eagermuscle saidPeople greatly overestimate their ability to multitask.
Well we were all able to balance our texting, facebook, social lives, and extracurricular sports all while getting higher test scores and better grades than every generation before us.
Sounds pretty damn good to me.
But I'm sure people my age will complain about the next generation and so on, hence the Socrates quote.
Both of questionable significance and debatable on various fronts.
Regarding scores and what I assume some might try to attach to that, increased intelligence, there's the http://en.wikipedia.org/wiki/Flynn_effect
considering everything from nutrition to industrial poisoning to simple test taking skills. Also to consider is that "Jon Martin Sundet and colleagues (2004) examined scores on intelligence tests given to Norwegian conscripts between the 1950s and 2002. They found that the increase of scores of general intelligence stopped after the mid-1990s and declined in numerical reasoning sub-tests
But also it's not as if you're the first generation with a things to do list. Growing up, aside from getting mostly A's in school, I swam, partied my ass off, attended Hebrew school Tues & Thurs after school plus Sundays. Went to temple Friday nights and Saturday mornings, partied my ass off some more, hosted numerous parties as a latchkey kid with two working parents, had tons of friends, many still my friends 50 years later, spent 8 weeks each year at summercamp with all those activities and friends; oh, and I didn't score too badly on IQ tests either. Lots of eperience multitasking, no puter required.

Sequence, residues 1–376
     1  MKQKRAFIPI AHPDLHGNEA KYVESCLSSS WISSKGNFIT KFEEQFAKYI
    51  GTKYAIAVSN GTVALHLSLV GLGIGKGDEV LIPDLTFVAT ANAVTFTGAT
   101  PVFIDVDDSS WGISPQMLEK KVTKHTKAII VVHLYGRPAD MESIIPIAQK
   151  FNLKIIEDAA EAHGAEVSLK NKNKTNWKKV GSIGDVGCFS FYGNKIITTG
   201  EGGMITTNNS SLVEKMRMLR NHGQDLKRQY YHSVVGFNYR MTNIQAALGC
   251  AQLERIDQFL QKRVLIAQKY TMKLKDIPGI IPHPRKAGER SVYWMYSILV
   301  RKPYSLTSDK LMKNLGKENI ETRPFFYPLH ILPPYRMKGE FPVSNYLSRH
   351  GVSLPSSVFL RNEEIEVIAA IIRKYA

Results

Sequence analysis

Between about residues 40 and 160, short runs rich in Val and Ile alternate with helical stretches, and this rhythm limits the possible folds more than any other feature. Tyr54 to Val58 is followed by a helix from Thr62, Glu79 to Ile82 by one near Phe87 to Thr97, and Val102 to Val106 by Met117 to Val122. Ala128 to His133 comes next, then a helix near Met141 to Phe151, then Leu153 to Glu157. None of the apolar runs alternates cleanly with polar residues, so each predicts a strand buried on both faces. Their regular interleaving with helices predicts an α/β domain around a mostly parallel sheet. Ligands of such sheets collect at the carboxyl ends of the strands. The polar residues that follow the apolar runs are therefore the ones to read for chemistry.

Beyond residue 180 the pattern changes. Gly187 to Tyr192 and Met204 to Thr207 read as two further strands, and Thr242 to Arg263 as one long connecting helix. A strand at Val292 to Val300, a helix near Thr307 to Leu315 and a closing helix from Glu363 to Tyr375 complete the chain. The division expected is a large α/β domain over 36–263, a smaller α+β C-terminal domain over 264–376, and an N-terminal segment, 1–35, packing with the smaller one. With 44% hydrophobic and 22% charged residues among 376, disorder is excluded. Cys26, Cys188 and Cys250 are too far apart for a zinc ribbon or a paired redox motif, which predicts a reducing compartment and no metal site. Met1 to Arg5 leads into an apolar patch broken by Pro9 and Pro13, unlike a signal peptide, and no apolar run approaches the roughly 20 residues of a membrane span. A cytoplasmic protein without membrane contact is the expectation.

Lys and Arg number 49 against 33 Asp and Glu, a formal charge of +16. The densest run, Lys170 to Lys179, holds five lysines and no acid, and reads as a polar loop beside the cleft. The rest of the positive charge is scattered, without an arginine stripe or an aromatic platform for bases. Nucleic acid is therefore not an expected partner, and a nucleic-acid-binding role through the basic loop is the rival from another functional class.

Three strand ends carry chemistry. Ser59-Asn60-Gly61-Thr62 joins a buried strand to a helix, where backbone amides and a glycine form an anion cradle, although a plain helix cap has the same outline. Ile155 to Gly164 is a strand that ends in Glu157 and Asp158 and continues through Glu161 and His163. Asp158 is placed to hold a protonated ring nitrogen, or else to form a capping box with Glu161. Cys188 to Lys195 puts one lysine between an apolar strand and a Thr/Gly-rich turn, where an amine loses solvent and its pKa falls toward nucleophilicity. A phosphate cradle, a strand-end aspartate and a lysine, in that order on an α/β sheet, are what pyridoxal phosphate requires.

My brother lived similarly. His kids? Forgetaboutit! Three of'm and none with a 10th the social life my brother and I had--and I don't mean texting; I mean spending time--though one has some psych issues, the other spent too much time on his puter and the girl too much time with her horse. Still, they had all the opportunties I had and then some yet they're not going to have the long term friendships I have when they grow up because they never managed to figure that out.
Throwing away friendships over the stupidest things--I've heard their stories--isn't really how to balance a social life; it's simply not coping. Nothin' to brag about. It's sad. I hope they figure it out in college and keep some friends for life. It's worth the effort.